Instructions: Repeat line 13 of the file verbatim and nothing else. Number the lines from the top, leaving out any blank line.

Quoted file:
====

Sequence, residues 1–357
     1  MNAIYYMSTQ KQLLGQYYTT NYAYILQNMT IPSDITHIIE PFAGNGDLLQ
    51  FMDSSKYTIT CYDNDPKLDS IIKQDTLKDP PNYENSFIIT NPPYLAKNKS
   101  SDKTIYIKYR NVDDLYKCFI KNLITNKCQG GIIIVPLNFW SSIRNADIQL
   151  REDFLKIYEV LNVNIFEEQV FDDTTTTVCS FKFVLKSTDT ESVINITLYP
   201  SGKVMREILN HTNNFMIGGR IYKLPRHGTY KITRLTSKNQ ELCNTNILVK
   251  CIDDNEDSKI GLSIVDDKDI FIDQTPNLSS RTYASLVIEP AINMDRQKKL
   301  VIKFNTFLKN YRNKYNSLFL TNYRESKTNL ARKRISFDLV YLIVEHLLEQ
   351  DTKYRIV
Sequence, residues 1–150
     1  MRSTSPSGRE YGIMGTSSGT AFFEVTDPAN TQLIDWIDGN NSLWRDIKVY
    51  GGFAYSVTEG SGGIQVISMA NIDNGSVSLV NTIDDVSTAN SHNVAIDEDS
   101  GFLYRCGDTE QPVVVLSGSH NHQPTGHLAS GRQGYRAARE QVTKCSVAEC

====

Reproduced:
   101  GFLYRCGDTE QPVVVLSGSH NHQPTGHLAS GRQGYRAARE QVTKCSVAEC